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HELP ME OUT PLEASE SOLVE IT..............

Jeannie has some \$10 bills and some \$20 bills.if she has 273 bills worth a total of \$4370,how many of the bills are \$10 bills and how many are \$20 bills.?

4.9 4.9 (229 lesson ratings) (229)
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Hey Ma -- try a \$30 "half-and-half" pack ... 4370/30 ... 145 with a \$20 remainder ->
291 is too many bills ... need to drop 18 bills ... change 36 tens to 18 twentys ...
109 tens and 164 twentys -> 1090 + 3280 is 4370 ... Best wishes :)
Lisa K. | 4.0 graduate... Let me show you how to ACE your classes!4.0 graduate... Let me show you how to A...
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There are 164 twenties and 109 tens.

A reps \$10 bills
B reps \$20 bills

A+B=273 bills
A=273-B

value*numberOfTens + value*numberOfTwenties = \$4370
10A+20B=\$4370
replace A for one variable:
10(273-B)+20B=4370
2730-10B+20B=4370
10B=1640
B=164 twenties !!

A=273-B
A=273-164
A=109 tens !!

CHECK:
10(109)+20(164)=_
1090+3280=4370
Gabrielle P. | I love to teach just about everythingI love to teach just about everything
4.8 4.8 (15 lesson ratings) (15)
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take total amount divided by \$20 bills that will give you how many \$20's don't forget how to round. You can't have half of a \$20 and then subtract how much money you have in \$20 from your total to find how many \$10 you need. =) good luck!
Patricia S. | Math Tutoring for K-12 & CollegeMath Tutoring for K-12 & College
5.0 5.0 (39 lesson ratings) (39)
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This word problem describes a situation that is solved by a system of equations (in other words, you have more than one variable and so you need more than one equation to solve for all the variables).  In general the number of equations that you need to work with is the same as the number of variables that you have.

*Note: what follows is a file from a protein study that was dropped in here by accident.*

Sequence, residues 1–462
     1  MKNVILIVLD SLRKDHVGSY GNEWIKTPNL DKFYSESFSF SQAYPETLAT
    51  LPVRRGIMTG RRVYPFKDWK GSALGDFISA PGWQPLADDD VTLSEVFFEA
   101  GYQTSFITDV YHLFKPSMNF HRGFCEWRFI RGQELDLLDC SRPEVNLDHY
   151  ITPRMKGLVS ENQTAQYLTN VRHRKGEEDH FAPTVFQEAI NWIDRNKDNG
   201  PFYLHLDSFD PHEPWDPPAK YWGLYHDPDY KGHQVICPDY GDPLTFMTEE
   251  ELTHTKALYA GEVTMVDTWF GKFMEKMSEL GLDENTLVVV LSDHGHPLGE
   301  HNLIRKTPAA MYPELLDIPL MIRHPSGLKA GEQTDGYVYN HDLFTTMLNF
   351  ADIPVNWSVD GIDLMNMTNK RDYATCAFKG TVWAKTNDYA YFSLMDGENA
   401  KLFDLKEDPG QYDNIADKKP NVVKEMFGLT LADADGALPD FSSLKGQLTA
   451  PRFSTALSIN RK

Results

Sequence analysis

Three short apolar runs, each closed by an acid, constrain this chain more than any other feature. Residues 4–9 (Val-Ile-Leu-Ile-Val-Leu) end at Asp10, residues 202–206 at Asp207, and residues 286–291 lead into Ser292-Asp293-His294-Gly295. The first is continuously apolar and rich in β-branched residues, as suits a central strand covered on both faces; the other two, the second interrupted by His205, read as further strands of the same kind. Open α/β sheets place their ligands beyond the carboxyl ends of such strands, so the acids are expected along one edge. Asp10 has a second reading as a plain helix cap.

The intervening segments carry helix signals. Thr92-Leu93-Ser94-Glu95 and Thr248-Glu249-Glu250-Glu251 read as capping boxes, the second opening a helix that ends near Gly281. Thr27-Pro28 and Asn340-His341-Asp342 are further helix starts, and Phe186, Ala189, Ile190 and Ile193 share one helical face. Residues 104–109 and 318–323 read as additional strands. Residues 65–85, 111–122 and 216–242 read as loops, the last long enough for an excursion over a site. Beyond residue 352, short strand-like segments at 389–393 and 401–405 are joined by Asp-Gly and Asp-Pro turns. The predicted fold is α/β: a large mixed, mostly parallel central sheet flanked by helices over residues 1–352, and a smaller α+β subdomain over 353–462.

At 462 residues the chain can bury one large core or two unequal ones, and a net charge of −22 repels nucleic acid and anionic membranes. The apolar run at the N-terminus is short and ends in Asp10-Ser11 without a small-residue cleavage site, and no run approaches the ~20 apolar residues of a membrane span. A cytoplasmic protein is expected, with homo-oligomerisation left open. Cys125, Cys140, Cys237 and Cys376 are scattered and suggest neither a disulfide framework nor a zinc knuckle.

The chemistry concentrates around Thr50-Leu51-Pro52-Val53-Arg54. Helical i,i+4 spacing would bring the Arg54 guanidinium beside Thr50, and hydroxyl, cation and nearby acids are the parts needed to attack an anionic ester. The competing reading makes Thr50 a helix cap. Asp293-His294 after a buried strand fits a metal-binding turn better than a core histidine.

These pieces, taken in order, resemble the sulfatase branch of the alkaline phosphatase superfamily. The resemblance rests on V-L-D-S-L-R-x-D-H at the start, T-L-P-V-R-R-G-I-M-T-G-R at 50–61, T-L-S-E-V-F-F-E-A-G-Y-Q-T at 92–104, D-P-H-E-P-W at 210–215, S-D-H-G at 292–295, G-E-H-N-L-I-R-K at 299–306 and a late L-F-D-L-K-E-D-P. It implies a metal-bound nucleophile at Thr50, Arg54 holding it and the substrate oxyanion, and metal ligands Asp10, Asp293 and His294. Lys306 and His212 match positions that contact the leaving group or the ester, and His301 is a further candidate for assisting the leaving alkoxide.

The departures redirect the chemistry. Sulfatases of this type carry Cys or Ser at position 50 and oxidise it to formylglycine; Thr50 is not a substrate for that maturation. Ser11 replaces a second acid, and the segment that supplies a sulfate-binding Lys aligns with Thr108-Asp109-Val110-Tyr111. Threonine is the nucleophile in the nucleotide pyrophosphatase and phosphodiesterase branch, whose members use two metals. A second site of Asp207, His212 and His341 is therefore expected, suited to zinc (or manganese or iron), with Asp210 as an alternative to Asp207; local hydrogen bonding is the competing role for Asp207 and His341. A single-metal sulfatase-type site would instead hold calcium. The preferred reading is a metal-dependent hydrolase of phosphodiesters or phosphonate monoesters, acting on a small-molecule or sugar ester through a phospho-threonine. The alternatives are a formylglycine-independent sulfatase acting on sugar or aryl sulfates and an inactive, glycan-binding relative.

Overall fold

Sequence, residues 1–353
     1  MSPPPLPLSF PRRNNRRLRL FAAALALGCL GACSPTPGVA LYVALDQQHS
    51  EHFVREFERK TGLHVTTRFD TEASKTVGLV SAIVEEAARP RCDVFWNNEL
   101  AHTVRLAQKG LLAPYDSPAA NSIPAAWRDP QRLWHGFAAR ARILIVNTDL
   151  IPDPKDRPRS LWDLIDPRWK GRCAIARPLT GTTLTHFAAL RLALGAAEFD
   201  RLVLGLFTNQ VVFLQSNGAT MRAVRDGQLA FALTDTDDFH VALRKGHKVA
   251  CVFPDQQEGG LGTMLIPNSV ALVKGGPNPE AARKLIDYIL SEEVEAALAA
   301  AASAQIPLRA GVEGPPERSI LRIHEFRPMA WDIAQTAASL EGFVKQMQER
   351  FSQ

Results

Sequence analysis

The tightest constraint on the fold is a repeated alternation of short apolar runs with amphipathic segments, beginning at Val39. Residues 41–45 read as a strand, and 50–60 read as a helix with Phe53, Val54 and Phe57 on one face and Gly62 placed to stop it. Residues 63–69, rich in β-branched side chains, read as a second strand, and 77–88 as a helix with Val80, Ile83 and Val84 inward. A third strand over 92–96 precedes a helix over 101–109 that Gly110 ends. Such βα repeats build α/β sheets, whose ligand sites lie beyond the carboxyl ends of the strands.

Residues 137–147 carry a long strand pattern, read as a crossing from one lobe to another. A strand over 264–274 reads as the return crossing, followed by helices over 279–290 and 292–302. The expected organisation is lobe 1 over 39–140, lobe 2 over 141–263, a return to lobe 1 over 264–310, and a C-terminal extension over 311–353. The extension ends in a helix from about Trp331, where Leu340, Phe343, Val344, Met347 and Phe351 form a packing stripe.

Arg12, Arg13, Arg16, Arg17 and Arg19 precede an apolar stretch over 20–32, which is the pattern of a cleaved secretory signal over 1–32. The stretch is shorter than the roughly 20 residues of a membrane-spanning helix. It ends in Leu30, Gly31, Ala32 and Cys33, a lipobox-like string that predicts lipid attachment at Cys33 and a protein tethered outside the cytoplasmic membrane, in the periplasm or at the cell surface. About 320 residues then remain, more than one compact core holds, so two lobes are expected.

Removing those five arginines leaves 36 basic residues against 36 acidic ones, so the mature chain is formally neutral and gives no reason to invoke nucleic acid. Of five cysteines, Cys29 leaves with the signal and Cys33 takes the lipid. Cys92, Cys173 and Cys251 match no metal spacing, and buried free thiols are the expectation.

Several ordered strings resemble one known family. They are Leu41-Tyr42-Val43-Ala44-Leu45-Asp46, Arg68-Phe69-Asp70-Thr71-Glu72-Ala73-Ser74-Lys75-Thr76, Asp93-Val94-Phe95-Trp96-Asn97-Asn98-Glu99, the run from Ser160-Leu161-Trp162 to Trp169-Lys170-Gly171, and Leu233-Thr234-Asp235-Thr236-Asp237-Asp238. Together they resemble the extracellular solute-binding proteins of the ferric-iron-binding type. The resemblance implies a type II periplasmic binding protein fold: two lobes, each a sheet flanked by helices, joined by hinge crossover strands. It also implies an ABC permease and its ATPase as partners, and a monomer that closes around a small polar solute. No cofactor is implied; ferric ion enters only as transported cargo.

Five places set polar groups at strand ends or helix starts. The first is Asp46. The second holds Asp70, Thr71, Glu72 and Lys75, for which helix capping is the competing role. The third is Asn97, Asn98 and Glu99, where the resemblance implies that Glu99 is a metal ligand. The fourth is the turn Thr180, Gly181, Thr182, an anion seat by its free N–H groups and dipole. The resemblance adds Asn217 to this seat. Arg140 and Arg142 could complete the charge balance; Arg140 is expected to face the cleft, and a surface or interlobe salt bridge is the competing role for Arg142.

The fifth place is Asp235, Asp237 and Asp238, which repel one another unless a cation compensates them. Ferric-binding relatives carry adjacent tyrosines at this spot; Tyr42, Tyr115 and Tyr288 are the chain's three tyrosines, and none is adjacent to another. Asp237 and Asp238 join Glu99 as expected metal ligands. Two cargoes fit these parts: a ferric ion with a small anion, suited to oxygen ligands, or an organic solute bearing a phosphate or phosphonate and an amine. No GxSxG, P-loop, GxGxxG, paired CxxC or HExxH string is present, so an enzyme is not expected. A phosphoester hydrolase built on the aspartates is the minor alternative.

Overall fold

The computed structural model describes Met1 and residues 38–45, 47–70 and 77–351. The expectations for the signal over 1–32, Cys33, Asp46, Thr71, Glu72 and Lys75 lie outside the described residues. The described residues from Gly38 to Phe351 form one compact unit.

The best way to start these types of questions is to first determine how many variables are involved in the situation, then write out as many equations as are needed.  In this question, you can tell how many variables are in the situation by looking at the different kinds of bills that the question talks about (\$10 bills and \$20 bills).  The two equations, then, would deal with the total number of bills (273) and the total value of the bills (\$4370)
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Variable #1: Number of \$10 bills (I'm going to call this x)    \________  This is often called a
Variable #2: Number of \$20 bills (I'm going to call this y)  _/                 Let Statement and is written as
"Let x = # of \$10 bills
Let y = # of \$20 bills"
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Equation #1: x + y = 273             \_________   EQ #1 refers to the number of each type of bill, and so
Equation #2: 10x + 20y = 4370  _/                   the number of \$10 bills (x) plus the number of
\$20 bills (y) is equal to the total number of bills (273).
EQ #2 refers to the value of each type of bill, so the total value of the \$10 bills is \$10 times the number of \$10 bills you have (10x).  Likewise, the total value of the \$20 bills is \$20 times the number of \$20 bills (20x).  The sum of the total values of each type of bill equals the total value that Jeannie owns (\$4370).

From here, there are a few methods to solve this system of equations.  Since the question didn't specify how they wanted the question solved, I'm going to use the Substitution Method (in which you use one of the equations to solve for one of the variables in terms of the other variable; plug it into another equation; solve for the variable in that equation; plug the number value of the variable back into either equation and solve for second variable).

EQ #1: x + y = 273  ---------------> x + y = 273
EQ #2: 10x + 20y = 4370                   - y          - y
x = 273 - y  <----------  Plug this into EQ #2.

EQ #2: 10x + 20y = 4370
10 (273 - y) + 20y = 4370
10*273 - 10y + 20y = 4370
2730 + 10y = 4370
-2730           -2730
10y = 1640
10       10
y = 164   <----------  This is the number of \$20 bills.  I'm going to plug this number into
EQ #1 to solve for the number of \$10 bills.

EQ #1: x + y = 273
x + 164 = 273
-164   -164
x = 109   <----------  This is the number of \$10 bills.

Jeannie has 109 \$10 bills and 164 \$20 bills.   <------  Typically the final step to all system of equation